Last year, I wrote two popular posts.
The first piece required more than 15 hours of my time to research, write, and publish. Those hours were spent answering a single question: what the hell is going on with the music industry? It’s a question with especially strong ramifications for songwriters and producers like myself. Despite the tiny target audience, How One Generation Single-Handedly Killed the Music Industry was shared tens of thousands of times and prompted nearly 30,000 comments on Facebook. I had struck a nerve.
My second piece took less than two hours. Using Evernote (the right way) was a simple productivity hack for a massively popular piece of software; the kind of post that’s almost guaranteed to be successful. And it was, racking up 90,000 views and 600 recommendations en route to #14 on the Medium Top 100. It was surely seen by a greater number of people than my first article, though shared less, and spread more widely across the Internet thanks to Evernote and Lifehacker.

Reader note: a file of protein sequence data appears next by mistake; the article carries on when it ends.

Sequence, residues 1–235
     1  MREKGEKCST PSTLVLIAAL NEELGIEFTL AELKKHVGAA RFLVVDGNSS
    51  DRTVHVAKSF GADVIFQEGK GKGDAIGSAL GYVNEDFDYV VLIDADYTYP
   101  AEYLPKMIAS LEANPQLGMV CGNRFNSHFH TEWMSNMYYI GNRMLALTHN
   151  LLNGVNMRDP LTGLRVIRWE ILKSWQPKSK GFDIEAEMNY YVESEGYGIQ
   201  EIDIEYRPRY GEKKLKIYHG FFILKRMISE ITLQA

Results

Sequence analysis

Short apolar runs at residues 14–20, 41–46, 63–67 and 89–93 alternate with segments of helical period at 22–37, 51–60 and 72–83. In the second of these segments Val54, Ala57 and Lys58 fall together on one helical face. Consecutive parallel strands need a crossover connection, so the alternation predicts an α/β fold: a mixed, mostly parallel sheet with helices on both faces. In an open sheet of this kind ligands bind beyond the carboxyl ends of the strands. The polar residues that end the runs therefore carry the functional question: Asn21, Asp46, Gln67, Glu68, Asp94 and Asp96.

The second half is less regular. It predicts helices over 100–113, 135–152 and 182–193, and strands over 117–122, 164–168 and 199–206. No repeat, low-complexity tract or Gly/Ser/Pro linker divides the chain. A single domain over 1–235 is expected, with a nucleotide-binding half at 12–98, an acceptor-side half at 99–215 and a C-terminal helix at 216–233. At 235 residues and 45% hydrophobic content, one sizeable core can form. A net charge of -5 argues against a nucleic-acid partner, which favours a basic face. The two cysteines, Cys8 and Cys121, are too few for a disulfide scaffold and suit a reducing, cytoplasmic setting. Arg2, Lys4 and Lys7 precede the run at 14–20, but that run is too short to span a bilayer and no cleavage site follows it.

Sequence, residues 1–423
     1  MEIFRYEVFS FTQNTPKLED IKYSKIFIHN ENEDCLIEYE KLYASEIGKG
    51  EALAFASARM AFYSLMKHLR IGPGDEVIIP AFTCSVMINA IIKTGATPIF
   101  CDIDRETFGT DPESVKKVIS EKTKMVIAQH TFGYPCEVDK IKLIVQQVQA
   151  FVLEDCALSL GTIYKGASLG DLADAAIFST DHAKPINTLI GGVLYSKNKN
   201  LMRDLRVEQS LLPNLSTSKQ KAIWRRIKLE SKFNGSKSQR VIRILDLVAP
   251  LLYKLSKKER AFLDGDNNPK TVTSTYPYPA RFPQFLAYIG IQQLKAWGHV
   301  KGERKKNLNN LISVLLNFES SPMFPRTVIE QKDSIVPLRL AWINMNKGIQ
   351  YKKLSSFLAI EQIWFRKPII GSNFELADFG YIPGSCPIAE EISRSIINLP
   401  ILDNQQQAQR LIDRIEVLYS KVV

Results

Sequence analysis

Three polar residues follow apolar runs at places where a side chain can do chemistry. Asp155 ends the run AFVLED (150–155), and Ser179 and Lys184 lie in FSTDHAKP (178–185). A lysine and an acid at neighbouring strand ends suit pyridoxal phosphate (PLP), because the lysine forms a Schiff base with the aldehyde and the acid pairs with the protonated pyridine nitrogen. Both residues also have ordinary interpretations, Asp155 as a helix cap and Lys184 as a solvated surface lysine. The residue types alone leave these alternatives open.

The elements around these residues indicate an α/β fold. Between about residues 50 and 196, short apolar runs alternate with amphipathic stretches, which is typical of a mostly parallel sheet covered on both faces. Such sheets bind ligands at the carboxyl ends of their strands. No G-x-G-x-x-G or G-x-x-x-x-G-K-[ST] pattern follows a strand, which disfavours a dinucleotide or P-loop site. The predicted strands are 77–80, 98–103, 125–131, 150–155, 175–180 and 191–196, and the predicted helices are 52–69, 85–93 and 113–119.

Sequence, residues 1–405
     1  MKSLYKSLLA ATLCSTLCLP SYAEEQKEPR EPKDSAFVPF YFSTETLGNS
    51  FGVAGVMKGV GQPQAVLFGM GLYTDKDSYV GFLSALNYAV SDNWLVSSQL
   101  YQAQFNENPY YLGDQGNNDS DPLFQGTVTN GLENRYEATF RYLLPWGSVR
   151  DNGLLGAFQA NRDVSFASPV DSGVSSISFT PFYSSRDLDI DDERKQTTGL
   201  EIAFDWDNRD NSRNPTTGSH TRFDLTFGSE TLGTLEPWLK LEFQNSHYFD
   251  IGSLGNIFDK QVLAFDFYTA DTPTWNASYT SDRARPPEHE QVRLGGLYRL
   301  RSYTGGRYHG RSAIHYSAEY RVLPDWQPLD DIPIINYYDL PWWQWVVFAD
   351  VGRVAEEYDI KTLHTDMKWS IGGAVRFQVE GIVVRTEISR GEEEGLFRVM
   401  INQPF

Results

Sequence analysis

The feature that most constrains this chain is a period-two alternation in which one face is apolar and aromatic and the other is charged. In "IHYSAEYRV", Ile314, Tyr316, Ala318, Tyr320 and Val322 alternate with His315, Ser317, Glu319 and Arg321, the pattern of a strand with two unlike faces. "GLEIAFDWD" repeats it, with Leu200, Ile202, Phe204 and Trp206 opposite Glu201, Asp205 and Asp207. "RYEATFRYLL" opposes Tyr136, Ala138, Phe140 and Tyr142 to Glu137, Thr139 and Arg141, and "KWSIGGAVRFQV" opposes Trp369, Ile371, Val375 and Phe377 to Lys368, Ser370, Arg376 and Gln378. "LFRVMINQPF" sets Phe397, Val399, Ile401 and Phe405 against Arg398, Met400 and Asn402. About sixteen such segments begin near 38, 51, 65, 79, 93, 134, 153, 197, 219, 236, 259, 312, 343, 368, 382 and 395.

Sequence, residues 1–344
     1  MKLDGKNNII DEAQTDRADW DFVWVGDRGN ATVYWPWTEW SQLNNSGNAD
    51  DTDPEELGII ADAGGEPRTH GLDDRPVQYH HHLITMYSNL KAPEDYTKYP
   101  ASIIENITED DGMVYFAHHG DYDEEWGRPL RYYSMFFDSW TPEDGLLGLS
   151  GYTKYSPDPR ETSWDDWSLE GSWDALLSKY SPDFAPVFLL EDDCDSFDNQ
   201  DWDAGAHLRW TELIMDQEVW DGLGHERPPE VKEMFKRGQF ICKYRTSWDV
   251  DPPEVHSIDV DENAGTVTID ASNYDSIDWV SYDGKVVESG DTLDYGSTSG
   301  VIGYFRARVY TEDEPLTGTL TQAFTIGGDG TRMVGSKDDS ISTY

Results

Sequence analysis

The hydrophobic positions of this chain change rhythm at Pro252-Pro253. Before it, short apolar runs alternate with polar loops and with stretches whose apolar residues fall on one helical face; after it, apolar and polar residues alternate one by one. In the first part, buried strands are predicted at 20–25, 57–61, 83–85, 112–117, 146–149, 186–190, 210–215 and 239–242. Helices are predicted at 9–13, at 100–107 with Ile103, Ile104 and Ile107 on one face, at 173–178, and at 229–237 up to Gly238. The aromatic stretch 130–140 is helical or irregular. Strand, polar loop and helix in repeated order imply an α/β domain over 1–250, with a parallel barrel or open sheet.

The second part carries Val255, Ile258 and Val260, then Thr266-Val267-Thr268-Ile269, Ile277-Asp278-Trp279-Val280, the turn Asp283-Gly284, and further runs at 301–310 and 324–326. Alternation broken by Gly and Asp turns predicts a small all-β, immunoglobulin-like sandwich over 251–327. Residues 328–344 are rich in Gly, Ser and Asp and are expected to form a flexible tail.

Despite comparable performance in page views and shares, my articles had astonishingly different effects. My 15-hour article provided an in-depth and useful answer to a pressing question. Beyond social shares, this article is single-handedly responsible for nearly every musical opportunity I’ve had over the past 6 months and has allowed me to participate in an important discussion about the future of music.
However, the single benefit I have received from my 2-hour article is exposure. No participation in a powerful conversation, no career opportunities, no wonderful new connections. In fact, the greatest benefit of my productivity article was to introduce more readers to my music article.